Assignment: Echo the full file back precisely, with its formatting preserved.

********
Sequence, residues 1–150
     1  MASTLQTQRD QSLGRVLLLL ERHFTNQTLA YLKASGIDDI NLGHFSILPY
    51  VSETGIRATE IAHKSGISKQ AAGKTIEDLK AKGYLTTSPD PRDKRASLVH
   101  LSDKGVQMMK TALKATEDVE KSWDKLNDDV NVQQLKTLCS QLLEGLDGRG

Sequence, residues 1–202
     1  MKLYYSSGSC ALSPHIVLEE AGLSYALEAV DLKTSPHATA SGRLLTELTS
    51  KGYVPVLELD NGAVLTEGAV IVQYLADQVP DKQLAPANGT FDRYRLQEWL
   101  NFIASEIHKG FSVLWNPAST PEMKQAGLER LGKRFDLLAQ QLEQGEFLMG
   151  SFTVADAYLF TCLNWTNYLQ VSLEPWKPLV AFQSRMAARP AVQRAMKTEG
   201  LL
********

Sequence, residues 1–150
     1  MASTLQTQRD QSLGRVLLLL ERHFTNQTLA YLKASGIDDI NLGHFSILPY
    51  VSETGIRATE IAHKSGISKQ AAGKTIEDLK AKGYLTTSPD PRDKRASLVH
   101  LSDKGVQMMK TALKATEDVE KSWDKLNDDV NVQQLKTLCS QLLEGLDGRG

Sequence, residues 1–202
     1  MKLYYSSGSC ALSPHIVLEE AGLSYALEAV DLKTSPHATA SGRLLTELTS
    51  KGYVPVLELD NGAVLTEGAV IVQYLADQVP DKQLAPANGT FDRYRLQEWL
   101  NFIASEIHKG FSVLWNPAST PEMKQAGLER LGKRFDLLAQ QLEQGEFLMG
   151  SFTVADAYLF TCLNWTNYLQ VSLEPWKPLV AFQSRMAARP AVQRAMKTEG
   201  LL